I am taking a Digital Game-Based Learning course this semester, and so far it has been really interesting. We look at the ways that games can provide great learning opportunities. For a project, I had to create my own game. I had previously created a non-educational game in another class, so I built off of that one for my educational game. Play both games at the links below.
I was looking through some Wired Campus articles from The Chronicle of Higher Education, and I found this one about some resources where you can learn computer programming. I have always wanted to learn more about computers, programming, web design, etc. Last Christmas break I learned HTML and CSS, so this year I think I'm going to delve into Python. I just signed up for the free Stanford University online course on Computer Science, and also the one for Cryptography. I'm pretty excited to start learning about these topics. Anyone wanna join me?
In my Theories of Learning course (EDP610), we had to come up with our metaphor for learning in 250 words or less. I thought I would share mine and see what you all thought. Do you agree? What would you change in my metaphor? What metaphor comes to mind for you?
Learning is like building a house. The student is the builder, while the teacher is the foreman. The builders are in charge of constructing their house, while the foreman can facilitate and oversee, helping along the way. The foreman may provide the bulk of the material, but the builders may find some along the way that they decide to add in to their own house. The house starts with a foundation, which is pretty simple, solid, and straightforward, much like the basic skills we have in school (reading, basic math, basic science, etc.). Then many complex things can be built on top, in any way that the builders may choose. The builders might find that some ways of structuring material are more conducive to retention, while others might fall away. The foreman might show the builders some tools for how to create the house, but the builders might also imitate others or use their own ideas for construction.
I found this eye-opening article from Wired Campus (link at end of article). It discusses how synchronous online classes are raising questions about what is appropriate "Netiquette," since people are eating or lying down while on the webcam, and in one instance, a nude spouse walked by in the background! I have experienced similar things in my online courses, where students leave their mics on while talking to their children or spouse, or have a TV playing behind them. Part of the benefit of taking online courses is being able to interact from the comfort of your own home, but how "comfortable" do we really want students to be? I think it's obvious that students probably shouldn't eat or watch TV while in the class session, but can we really restrict whether or not their children cry or dogs bark in the background? Didn't we offer them online courses so that they could still take care of their children or other responsibilities and stay home? I've also noticed several students who log in from work, and you can see other employees in the background. Is this acceptable? Do we need to accept it because we want online courses to be accessible for stay-at-home moms or working professionals, even if it is distracting and detracts from their and others' education?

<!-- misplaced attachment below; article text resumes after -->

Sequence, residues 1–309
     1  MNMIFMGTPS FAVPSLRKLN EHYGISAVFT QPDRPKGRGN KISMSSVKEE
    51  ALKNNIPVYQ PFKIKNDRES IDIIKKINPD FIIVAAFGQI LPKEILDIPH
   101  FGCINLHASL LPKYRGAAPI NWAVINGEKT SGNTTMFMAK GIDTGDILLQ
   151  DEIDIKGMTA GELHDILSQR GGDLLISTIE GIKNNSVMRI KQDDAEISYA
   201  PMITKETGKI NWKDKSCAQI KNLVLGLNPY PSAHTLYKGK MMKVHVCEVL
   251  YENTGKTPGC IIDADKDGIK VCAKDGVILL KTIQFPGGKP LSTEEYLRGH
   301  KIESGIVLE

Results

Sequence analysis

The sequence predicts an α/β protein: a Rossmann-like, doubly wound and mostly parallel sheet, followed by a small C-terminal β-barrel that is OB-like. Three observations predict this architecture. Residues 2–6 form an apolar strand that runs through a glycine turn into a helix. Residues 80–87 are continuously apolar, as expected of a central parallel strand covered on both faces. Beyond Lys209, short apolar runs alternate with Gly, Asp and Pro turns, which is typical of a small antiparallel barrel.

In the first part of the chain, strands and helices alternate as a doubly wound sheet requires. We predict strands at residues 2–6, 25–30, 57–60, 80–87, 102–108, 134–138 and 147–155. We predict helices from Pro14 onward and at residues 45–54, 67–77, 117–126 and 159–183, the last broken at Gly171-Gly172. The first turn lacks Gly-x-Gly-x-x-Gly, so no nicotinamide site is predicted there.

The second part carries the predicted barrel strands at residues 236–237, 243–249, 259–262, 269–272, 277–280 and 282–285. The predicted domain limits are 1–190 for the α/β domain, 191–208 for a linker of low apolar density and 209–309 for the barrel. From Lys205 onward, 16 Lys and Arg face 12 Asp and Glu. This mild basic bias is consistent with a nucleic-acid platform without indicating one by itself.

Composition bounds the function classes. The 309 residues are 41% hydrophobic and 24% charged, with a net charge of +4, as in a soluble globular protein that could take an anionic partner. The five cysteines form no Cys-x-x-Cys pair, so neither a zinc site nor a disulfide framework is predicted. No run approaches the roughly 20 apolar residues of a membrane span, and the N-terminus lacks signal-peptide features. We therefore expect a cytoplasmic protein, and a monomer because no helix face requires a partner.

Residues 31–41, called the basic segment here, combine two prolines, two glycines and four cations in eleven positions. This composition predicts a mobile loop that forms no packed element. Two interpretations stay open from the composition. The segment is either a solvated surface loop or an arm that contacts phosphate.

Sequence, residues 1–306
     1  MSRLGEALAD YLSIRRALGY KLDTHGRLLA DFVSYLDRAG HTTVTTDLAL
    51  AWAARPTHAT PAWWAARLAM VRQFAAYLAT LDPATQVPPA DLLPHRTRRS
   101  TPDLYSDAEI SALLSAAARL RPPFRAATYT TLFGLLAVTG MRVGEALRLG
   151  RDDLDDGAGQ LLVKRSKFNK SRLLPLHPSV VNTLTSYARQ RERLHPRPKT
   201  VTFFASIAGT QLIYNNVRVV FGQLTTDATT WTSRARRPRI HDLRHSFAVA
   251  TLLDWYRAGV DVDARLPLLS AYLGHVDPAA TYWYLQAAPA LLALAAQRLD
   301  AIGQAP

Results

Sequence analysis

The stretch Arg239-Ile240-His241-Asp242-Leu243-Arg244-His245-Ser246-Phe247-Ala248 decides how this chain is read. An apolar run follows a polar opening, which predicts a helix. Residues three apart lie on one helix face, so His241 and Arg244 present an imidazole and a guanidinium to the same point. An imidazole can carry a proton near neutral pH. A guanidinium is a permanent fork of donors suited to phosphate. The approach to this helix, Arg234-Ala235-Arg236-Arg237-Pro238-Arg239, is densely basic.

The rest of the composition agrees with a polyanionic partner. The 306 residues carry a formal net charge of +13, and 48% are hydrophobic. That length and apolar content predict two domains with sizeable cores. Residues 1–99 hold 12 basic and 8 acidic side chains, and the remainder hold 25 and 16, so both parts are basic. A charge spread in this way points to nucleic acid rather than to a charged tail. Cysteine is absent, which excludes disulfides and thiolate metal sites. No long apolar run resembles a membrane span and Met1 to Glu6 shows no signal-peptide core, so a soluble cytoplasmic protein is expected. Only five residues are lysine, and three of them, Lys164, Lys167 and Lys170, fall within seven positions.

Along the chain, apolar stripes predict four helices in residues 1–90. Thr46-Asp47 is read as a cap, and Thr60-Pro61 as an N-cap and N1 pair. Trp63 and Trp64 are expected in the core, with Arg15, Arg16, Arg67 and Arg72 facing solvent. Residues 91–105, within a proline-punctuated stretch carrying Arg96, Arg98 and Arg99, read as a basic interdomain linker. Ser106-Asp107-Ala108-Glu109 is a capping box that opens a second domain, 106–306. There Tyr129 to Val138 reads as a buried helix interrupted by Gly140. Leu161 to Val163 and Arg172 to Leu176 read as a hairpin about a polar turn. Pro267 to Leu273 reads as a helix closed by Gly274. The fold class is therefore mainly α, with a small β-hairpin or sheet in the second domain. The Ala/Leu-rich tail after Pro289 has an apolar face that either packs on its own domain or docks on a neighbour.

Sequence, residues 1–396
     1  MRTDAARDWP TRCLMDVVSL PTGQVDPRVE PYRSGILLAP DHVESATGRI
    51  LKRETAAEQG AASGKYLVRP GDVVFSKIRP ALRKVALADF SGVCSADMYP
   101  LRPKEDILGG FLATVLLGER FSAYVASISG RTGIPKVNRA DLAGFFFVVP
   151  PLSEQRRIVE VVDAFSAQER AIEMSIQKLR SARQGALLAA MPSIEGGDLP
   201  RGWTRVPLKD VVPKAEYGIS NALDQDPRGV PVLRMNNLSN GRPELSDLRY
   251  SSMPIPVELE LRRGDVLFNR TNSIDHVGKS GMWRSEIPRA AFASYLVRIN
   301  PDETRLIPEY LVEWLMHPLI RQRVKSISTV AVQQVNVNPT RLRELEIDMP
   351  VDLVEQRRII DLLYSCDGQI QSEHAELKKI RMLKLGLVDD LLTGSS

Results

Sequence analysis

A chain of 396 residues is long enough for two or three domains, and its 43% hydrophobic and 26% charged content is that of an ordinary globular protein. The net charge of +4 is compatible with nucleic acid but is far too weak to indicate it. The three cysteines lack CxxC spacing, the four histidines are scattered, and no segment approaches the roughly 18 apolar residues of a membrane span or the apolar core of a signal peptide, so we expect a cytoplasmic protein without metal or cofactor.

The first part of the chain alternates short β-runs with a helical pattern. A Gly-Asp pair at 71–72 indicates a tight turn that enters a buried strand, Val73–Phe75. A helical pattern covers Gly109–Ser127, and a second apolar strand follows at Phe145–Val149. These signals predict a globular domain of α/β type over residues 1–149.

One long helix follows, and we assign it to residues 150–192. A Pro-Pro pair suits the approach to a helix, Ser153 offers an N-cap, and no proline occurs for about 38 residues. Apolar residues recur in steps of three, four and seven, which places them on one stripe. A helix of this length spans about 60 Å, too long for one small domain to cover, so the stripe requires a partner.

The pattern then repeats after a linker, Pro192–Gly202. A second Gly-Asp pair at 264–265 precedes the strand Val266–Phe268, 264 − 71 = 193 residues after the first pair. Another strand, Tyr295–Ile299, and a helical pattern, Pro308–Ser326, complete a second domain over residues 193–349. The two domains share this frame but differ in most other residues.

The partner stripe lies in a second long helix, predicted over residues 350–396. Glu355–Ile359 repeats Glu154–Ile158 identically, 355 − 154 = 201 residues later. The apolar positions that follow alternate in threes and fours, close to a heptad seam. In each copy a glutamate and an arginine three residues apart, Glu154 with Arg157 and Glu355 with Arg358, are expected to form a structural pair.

Usually in these blog posts, I like to focus on something related to Online Ed or Instructional Design. But today I want to write about something a little more personal and fun…. I recently got a hamster! I just moved into a new apartment two weeks ago, after living for four years in various places where I wasn’t allowed to have a pet. I really love animals and was excited to have a pet of my own, but wasn’t willing to pay the expensive deposits and extra rent to own a dog or a cat at my apartment, and wasn’t quite sure if I was ready for the responsibility of owning an animal that requires frequent walks and vet trips, especially when I work part time and take classes. That left me to look at the world of little critters, and after reading up on the differences between gerbils, hamsters, and guinea pigs, decided I was pretty sure I wanted a gerbil. Then, I went to the pet store, held a gerbil…. and wasn’t all that impressed. He was adorable, of course, but I just wasn’t sure. So I asked to hold a Black Bear Hamster, and the store clerk picked out the fattiest, fluffiest little guy in the bunch. As soon as I held him and he looked up at me, I knew I just had to have him. Could you resist this little ball of fluff??
This semester, as part of my Instructional Systems Design Master’s program, I am taking EDC 605: Distance Learning Research and Design. I’m really excited about taking this course, as I think it will greatly benefit the work I currently do in Online Ed. What I’m really interested in is one of the books that we are assigned: Face to Face Communication over the Internet: Emotions in a Web of Culture, Language and Technology, edited by Arvid Kappas and Nicole C. Kramer. I think this is a really interesting topic, as I had never really thought about how emotions and nonverbal communication could affect online F2F communication, using tools such as Skype and Adobe Connect. There are also several articles which discuss race and gender and how these affect communication online. I’m really excited to begin reading this book, and hopefully I will be able to write another blog post once I have begun reading the articles.
With classes looming just around the corner, many of us are starting to think (and worry) about how we're going to afford our textbooks. This article shows many tips on how to get textbooks for good deals, or even for free!